Alice Birch’s latest work ‘[Blank]’ is less of a play, more of a finely-shaded compendium of emotional pain. She’s written 100 scenes sparked by her work with Clean Break, a theatre company that works with women who’ve experience of the criminal justice system. And she’s then taken a step back, inviting everyone from school students to professional directors to stage them in whatever form and order they see fit. It’s a powerful gesture, miles away from the stereotype of the neurotic writer who meticulously places every last word. It’s also a pretty seductive invite for an auteur director like Maria Aberg, who’s turned 27 unrelated scenes into a Donmar production that’s as stark and uncompromising as they come.
The stage feels like a mortuary or a purgatorial dreamscape – all monochrome shades, hard surfaces and flashes of film footage that magnify a child’s boredom or a women’s wrinkling brow. There’s a huge cast of women of all ages – they linger in corners, rocking or staring, as each scene plays out. Birch’s writing is mesmerising, emotionally astute, lyrical without being pretentious or stretching plausibility. A whole life breaks out from a five-minute interaction between a woman and her despairing mother; and there are a lot of mother-daughter pairings here. Bundles are frantically rocked, grown daughters come crashing through windows in search of cash for their next fix, mothers are rejected in turn by the children they abandoned. There’s a violent urgency to the giving and needing of love and support, to the places where it falls short – in one moving scene, Jemima Rooper plays a police officer who tries to tell a woman her daughter is dead, and ends up caught up in her own obsessive narrative, her own tragedy.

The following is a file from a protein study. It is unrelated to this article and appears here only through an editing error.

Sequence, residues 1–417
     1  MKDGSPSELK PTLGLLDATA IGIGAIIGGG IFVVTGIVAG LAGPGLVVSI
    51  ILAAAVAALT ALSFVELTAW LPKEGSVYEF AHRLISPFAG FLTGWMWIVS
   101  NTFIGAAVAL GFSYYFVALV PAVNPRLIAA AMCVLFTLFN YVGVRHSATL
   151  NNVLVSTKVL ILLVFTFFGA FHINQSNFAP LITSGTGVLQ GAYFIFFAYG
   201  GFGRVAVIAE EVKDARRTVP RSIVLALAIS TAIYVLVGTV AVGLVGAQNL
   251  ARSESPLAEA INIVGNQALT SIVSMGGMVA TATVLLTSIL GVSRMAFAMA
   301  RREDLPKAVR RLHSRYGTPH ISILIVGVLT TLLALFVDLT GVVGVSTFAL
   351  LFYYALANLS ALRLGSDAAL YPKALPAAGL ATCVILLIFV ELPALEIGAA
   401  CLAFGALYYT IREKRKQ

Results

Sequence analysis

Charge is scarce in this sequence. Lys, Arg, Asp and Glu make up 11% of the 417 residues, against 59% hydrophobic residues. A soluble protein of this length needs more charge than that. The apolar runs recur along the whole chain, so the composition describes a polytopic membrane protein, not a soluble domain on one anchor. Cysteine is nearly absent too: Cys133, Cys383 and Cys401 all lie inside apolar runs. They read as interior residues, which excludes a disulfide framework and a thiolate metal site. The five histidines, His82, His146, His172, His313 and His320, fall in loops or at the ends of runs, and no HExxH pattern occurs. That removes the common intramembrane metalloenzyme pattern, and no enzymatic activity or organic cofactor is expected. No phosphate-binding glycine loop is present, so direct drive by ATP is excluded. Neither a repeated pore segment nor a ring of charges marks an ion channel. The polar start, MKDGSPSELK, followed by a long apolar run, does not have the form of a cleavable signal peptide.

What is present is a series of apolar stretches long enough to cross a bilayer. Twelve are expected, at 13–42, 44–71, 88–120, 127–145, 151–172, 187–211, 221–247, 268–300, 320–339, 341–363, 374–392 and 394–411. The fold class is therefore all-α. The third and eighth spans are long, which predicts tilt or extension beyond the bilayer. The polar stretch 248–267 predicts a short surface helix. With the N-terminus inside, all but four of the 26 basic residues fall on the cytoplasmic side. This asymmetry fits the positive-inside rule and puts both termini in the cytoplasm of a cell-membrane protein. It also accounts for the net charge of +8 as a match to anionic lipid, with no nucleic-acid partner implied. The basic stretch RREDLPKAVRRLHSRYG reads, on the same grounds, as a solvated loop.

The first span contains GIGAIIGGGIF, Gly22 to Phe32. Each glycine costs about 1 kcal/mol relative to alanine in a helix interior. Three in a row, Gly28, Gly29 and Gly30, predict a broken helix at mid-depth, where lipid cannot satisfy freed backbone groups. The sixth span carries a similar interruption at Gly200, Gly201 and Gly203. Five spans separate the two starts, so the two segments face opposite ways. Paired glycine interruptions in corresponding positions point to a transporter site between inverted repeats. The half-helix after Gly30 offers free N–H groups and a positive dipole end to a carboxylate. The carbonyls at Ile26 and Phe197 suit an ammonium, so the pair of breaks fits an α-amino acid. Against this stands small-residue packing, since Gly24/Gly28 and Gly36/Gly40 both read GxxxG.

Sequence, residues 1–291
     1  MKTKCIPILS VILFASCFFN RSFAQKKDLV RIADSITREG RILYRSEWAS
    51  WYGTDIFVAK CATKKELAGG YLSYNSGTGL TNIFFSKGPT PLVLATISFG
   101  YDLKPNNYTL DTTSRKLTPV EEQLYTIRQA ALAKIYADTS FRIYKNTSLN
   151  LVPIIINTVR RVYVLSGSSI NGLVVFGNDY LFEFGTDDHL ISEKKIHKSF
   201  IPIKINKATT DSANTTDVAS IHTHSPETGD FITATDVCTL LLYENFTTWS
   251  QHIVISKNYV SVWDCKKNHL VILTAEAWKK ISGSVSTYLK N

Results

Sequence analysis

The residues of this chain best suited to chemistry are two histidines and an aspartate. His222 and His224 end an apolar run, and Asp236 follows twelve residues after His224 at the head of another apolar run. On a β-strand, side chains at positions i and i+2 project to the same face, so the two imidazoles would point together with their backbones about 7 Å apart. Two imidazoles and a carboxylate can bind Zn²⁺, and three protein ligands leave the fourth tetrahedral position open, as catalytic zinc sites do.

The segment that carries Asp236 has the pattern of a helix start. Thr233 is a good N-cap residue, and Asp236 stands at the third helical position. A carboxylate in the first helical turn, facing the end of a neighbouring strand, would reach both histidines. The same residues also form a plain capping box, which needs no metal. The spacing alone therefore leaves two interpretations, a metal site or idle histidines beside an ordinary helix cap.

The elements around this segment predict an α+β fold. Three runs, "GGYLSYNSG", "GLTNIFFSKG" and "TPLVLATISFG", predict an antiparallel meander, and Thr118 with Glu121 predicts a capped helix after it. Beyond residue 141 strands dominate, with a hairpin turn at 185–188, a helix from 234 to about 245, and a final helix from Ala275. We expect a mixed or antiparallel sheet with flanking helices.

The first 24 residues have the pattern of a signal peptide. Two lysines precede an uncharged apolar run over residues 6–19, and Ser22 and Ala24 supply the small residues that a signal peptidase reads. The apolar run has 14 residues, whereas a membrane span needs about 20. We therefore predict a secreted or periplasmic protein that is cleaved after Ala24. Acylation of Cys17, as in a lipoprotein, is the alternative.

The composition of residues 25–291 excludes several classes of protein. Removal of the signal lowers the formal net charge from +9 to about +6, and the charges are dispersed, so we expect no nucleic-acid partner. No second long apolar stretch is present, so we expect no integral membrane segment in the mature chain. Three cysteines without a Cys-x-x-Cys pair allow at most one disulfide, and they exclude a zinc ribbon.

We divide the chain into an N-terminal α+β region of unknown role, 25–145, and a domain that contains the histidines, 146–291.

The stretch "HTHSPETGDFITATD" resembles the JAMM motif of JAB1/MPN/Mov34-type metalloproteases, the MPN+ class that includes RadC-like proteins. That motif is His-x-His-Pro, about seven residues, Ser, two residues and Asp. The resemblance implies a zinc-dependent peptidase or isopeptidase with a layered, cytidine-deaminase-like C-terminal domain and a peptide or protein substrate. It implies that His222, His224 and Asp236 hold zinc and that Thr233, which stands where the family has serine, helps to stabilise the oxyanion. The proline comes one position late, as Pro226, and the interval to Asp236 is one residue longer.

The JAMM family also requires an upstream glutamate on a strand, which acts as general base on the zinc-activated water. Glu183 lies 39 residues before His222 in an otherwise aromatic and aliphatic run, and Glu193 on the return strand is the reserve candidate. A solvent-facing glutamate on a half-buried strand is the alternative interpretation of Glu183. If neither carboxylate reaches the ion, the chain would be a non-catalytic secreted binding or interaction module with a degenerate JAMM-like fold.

What there isn’t always, though, is warmth. Aberg has chosen to make her staging of [Blank] climax with a kind of archetypally horrible middle-class dinner party. A wittily-sketched gaggle of women dine on labneh and fattoush, inviting their urbane cocaine dealers to tuck in while the Deliveroo driver gets left outside waiting. Then, they’re confronted with a working-class woman who’s furious at them for having what she’s been denied, and for their lazy declarations that people born into poverty don’t have autonomy, don’t still have choices to make. It’s a scene that shouts what the rest of the play has been whispering – it feels too easy.
Combined with a brutal ending, it also means that there’s something fatalistic about this combination of scenes; wanting to help is automatically morally suspect, offers of love and care are to be feared and resisted. It’s miles away from the expansive, playful world of Clean Break’s last large scale show of ‘Inside Bitch’, which put a bunch of women who’d experienced prison on stage and let them tackle stereotypes head-on. But it’s got its own kind of pull. Its cast shift between roles like ghosts, their unstable identities asking questions about whether we choose our lives, and how we can fight back against them.